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Review: Index Card RPG

By Jason Campbell

Index Card RPG is a rules light ttrpg from Runehammer games. The hardcover printing is 400 pages (sized 6” x 9”). To the publisher’s credit the rules are released under a Creative Commons 4.0 license. The book is written, layed out and illustrated in a welcoming, casual style. It’s made to be a framework that rpg tables can use to create the games they prefer. It’s a d20 system, but more simplified than most fantasy role playing games.

Index card RPG book image

The Basic Rules

The primary structure of an Index Card RPG (ICRPG) game is that the entire game session is turn based. That means that you’re not just taking turns in combat, but in all aspects of the game. This ties into the idea that the game scenario is broken into scenes. Each scene has a target value (usually 10, 12, 15 or 18). In play, the GM describes the scene and declares the target, then players declare what action they’d like to take, in a clockwise order around the table. Any action a player wants to take that has a chance of failure requires a roll against the target number. The player rolls a d20 and applies any modifiers their PC may have and a result of the target number or higher indicates success. That means if the PC wants to attack any creature in the scene, they need to roll against the target. Likewise if the PC tries to jump over a chasm, they roll against the target and even if they want to heal their friend, they roll against the target number. This single target system makes the game easy to understand and means the turns go quickly. In my opinion the idea of the entire session being played in turn order makes it feel a little too much like a standard board game.

Creating Player Characters

PCs in ICRPG have the 6 common stats of many trpgs: Strength, Dexterity, Constitution, Intelligence, Wisdom and Charisma. Players don’t roll for these stats, instead they assign 6 points to the stats in any arrangement they want. These points are modifiers to d20 rolls. Each time a PC takes an action such as jumping, climbing, using a weapon or casting a spell, the player and GM decide what stat applies to the action, and the player applies that modifier to the d20 roll. Actions that require rolls are classified as either checks or attempts. A check is an instantaneous action, so if your d20 roll succeeds the action happens. And attempt is an action with a variable result, so the player rolls a d20 against the target and if it’s successful, they then roll for effort. The higher the effort the more successful the attempt. Each action falls into a category and each category has a different die type associated with it: basic (d4), weapons and tools (d6), guns (d8), magic and energy (d10), and ultimate (d12). Each player has 4 points to add as modifiers to some effort categories as they see fit. ICRPG has no levels, although pcs can gain new abilities as they reach milestones established by the GM. The pc creation system is very quick and easy to understand, a definite plus.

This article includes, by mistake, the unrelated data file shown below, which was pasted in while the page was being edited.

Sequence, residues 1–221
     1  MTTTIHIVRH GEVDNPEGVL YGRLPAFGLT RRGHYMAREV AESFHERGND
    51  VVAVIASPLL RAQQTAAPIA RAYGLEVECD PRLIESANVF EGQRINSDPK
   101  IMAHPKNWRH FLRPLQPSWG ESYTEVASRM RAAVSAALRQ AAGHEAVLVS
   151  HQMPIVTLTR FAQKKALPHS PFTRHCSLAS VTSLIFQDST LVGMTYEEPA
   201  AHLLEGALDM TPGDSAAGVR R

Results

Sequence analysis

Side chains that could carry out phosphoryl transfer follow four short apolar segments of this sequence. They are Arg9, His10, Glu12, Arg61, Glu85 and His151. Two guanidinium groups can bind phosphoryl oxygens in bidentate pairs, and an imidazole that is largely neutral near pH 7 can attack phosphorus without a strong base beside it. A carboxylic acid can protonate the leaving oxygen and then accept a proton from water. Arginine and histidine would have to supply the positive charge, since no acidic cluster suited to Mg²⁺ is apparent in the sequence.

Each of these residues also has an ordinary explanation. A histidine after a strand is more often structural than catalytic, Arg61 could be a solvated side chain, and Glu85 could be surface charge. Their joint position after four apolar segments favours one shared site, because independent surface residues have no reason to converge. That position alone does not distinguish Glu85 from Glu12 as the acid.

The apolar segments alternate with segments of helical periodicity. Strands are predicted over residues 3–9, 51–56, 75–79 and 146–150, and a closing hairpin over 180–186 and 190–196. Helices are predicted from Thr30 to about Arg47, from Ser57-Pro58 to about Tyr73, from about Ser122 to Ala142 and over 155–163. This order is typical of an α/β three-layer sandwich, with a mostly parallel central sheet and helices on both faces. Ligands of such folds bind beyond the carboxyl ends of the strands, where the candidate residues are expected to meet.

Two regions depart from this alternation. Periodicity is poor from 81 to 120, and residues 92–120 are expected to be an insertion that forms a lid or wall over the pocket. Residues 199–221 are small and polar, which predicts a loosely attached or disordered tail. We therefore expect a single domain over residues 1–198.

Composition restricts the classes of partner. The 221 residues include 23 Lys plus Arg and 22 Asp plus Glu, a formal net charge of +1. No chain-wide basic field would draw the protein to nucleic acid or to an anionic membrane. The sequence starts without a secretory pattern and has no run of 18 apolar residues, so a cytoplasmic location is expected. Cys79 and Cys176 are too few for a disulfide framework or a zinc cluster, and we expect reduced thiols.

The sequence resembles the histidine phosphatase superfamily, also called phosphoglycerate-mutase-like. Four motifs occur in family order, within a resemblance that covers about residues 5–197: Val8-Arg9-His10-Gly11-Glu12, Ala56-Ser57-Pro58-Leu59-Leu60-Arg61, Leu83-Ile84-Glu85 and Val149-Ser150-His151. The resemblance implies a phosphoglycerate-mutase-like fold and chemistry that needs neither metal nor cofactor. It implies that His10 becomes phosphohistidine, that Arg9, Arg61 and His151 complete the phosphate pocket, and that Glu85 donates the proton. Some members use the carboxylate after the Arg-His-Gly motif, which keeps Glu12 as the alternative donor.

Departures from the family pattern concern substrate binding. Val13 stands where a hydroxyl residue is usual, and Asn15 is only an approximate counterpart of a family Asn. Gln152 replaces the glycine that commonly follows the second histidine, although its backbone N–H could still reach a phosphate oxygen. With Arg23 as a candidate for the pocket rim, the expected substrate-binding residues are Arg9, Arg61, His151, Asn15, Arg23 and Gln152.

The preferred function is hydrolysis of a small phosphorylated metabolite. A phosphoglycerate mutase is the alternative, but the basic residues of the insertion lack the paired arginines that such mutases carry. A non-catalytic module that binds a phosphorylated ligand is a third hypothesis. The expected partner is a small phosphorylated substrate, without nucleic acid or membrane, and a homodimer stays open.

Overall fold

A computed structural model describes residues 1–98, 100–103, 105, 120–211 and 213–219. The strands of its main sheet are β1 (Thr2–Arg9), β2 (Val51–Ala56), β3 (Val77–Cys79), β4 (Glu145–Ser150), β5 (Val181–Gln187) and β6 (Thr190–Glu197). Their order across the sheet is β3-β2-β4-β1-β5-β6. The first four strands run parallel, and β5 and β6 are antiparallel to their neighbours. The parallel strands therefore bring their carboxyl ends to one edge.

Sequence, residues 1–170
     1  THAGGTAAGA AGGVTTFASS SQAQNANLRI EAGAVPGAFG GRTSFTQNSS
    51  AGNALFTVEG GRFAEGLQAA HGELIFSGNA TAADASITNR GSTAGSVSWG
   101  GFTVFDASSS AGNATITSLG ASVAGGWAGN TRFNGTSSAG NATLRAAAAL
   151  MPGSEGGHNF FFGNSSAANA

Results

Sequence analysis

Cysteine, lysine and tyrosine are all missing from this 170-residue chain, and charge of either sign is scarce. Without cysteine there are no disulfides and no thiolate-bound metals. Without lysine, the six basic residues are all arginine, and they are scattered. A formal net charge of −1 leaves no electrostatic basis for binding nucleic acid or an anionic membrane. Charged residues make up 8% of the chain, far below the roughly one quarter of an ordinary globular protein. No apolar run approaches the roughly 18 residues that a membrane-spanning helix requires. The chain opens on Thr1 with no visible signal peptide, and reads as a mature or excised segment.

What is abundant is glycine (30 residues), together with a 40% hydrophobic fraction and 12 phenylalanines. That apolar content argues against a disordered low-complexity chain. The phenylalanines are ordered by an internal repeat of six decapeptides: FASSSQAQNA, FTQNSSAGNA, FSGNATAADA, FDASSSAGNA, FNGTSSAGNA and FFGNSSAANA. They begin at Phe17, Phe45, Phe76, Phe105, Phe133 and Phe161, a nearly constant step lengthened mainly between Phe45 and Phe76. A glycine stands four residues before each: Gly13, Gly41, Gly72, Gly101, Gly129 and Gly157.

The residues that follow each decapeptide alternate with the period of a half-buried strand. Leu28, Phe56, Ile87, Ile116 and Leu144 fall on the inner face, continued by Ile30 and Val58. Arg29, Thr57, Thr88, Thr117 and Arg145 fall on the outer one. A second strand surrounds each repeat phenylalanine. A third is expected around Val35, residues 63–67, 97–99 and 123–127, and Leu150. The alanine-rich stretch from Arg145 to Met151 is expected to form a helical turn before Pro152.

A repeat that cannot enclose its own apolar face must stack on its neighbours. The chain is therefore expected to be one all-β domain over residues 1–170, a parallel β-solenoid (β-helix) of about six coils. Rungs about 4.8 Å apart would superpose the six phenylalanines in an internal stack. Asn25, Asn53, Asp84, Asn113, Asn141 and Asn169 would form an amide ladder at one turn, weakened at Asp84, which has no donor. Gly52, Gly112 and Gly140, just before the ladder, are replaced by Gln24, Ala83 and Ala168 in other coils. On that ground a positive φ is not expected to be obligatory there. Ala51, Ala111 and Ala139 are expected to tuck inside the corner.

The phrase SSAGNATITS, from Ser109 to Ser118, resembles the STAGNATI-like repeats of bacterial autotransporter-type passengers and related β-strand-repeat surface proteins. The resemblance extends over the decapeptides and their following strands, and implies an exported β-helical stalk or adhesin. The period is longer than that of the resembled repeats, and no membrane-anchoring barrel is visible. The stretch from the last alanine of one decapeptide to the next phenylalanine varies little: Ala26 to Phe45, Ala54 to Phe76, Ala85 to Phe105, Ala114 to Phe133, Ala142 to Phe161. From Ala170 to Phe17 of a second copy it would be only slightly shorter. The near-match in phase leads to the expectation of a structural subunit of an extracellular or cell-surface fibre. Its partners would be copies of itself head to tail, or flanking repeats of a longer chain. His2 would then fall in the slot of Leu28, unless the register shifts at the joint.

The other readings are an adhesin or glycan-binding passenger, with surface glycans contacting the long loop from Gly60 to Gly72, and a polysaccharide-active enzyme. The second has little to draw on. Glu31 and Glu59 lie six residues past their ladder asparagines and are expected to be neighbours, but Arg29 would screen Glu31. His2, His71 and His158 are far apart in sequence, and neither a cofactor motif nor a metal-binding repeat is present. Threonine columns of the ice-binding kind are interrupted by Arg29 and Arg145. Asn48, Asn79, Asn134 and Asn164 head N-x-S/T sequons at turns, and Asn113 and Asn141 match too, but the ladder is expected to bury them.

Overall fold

Monsters and Magic

The rulebook also has statistics for monsters and descriptions of spells. The basic magic system includes a list of spells, categorized as either Intelligence or Wisdom spells, which tells you what ability is used to cast it. Later in the book there’s a more complex magic system using a point system to limit how many spells of varying power a caster can cast in a day (interestingly this optional magic system is the only time in the game where index cards would actually be used). Here is an example of where the book's casual writing style fails. In the complex magic system there’s a reference to mages, so we can assume only mages (a pc type in the fantasy setting) can cast spells using this system. But the basic default magic system has no indication of whether only certain classes can cast spells? In the fantasy genre there are mage and priest character types, which presumably are casters. But can a mage cast wisdom spells, or only intelligence based spells? Can a bard cast spells? Or a warrior? The book doesn’t clarify this. An experienced GM could just decide with their table how the system should be interpreted, but I see this as a problem especially for less experienced GMs.

Game Settings

Beyond that the book describes 5 settings: fantasy, sci-fi, superheroes, spooky west, and a prehistoric setting. Some of the settings are more interesting than others, but all are roughly described, something of frameworks for the GM to build off. The interesting thing is that what setting you’re playing affects how powerful pcs are. The western and prehistoric games use basic everyman types, while fantasy allows for spell casting, and superheroes allow pcs to have superpowers. 

In Conclusion

I’ve run a few one-shots of this and I like the system for what it is, but I feel it does have limitations. As mentioned before the loose writing style of the rulebook leaves a lot to interpretation, and I could see that being a problem for tables that need explicit rules, or for GMs with less experience. Some players I played with felt that having a single target for each scene was an oversimplification. Others appreciated it for the way it sped up the game. I ran one-shots for players who'd never played ICRPG before and it was the system which required the least time to explain and get playing. I’m not sure that I could successfully run a long form campaign (with most players I know), but it’s really fun for a one-shot. 

Have you played Index Card RPG? What did you think? Let us know in the comments below!